Not that I know of. Cygwin doesn't update the OS to have symlinks, rather, it allows you to 'fake' symlinks from within the Cygwin shell. You can set up the shell to use Windows LNK files, which may do what you want, but ...
From the Cygwin Documentation:
Creating shortcuts with cygutils
Another problem area is between
Unix-style links, which link one file
to another, and Microsoft .lnk files,
which provide a shortcut to a file.
They seem similar at first glance but,
in reality, are fairly different. By
default, Cygwin does not create
symlinks as .lnk files, but there's an
option to do that, see the section
called “The CYGWIN environment
variable”. These symlink .lnk files
are compatible with Windows-created
.lnk files, but they are still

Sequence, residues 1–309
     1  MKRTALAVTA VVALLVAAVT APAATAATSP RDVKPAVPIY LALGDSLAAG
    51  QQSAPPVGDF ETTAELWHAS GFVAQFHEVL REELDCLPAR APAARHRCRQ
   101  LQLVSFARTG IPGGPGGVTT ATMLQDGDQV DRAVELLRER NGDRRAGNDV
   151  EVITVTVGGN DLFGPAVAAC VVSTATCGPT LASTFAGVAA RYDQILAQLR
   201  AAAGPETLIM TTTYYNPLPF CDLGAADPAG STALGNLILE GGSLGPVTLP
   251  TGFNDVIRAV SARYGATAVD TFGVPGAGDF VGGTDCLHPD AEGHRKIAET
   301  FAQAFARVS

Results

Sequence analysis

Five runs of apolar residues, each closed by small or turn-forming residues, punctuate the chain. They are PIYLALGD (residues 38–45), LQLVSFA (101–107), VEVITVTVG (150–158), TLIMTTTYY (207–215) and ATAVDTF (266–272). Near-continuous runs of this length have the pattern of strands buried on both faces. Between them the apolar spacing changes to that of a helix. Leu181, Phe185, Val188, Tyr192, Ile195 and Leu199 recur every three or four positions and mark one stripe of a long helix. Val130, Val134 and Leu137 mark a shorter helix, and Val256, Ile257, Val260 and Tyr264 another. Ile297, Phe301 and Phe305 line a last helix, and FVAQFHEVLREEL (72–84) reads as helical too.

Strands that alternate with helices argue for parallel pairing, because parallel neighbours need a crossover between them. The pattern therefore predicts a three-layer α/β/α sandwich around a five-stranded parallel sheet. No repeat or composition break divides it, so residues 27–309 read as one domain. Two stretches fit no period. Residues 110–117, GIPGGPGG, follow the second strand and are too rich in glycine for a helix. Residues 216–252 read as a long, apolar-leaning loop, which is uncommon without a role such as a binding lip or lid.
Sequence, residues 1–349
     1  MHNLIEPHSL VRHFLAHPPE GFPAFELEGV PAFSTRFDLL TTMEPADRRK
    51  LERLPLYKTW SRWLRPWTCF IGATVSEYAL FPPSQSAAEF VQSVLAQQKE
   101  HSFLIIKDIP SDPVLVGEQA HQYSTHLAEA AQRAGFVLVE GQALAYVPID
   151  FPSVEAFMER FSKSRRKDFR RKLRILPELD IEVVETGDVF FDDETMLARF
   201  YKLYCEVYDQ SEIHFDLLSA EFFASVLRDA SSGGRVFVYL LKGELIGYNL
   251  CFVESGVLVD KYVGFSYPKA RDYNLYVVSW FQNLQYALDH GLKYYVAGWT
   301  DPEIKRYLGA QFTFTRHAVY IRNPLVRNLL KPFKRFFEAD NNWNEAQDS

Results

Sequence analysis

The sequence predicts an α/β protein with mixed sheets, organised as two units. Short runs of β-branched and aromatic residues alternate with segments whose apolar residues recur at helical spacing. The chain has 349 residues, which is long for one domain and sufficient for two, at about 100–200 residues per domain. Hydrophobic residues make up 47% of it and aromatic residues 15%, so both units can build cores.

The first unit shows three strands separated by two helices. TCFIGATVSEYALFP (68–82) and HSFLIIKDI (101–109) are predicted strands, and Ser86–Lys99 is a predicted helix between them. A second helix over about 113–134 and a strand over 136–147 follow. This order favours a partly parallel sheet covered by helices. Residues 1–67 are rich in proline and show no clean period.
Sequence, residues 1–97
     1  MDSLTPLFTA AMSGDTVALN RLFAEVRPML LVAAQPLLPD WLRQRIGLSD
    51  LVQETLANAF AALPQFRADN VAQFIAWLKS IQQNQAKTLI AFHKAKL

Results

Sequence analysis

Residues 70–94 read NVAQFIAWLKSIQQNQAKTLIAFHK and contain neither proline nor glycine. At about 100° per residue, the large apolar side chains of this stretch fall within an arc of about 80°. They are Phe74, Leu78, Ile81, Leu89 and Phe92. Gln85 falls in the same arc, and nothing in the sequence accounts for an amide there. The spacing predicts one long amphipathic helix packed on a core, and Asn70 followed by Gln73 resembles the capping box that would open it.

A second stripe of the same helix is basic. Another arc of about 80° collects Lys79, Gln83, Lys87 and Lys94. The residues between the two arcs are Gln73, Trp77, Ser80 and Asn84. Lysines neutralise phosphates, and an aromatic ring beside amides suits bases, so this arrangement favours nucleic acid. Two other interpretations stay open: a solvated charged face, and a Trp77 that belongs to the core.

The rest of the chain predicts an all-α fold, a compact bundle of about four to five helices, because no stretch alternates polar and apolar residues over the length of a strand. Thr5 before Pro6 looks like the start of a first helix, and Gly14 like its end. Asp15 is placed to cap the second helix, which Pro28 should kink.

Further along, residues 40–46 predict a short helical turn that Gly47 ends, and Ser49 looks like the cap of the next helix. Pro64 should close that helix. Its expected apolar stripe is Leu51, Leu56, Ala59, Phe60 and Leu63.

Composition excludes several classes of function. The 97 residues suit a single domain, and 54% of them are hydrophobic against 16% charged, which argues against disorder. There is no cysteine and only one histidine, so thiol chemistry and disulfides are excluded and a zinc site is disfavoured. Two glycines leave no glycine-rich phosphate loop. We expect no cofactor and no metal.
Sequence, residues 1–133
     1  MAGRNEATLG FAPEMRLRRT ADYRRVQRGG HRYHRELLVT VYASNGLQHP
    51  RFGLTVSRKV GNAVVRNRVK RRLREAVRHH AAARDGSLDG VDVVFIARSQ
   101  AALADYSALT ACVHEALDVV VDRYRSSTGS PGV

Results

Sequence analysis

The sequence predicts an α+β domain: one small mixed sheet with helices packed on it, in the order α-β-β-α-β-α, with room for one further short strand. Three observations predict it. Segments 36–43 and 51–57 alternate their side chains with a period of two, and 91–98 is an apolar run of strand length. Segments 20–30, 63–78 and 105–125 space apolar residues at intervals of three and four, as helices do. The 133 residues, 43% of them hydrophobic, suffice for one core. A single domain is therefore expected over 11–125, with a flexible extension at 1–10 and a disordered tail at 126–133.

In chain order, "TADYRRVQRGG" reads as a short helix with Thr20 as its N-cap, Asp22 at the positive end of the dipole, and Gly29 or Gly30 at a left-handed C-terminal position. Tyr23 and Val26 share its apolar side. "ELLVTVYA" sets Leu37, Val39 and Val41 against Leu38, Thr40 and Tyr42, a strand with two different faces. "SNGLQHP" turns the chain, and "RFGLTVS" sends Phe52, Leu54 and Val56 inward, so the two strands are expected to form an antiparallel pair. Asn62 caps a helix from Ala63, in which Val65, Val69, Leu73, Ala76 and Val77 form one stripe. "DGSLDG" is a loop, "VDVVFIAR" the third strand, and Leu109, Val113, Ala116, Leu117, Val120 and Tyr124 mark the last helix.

different. They do not include much of
the information that is available in a
standard Microsoft shortcut, such as
the working directory, an icon, etc.
The cygutils package includes a
mkshortcut utility for creating
standard native Microsoft .lnk files.
But here's the problem. If Cygwin
handled these native shortcuts like
any other symlink, you could not
archive Microsoft .lnk files into tar
archives and keep all the information
in them. After unpacking, these
shortcuts would have lost all the
extra information and would be no
different than standard Cygwin
symlinks. Therefore these two types of
links are treated differently.
Unfortunately, this means that the
usual Unix way of creating and using
symlinks does not work with native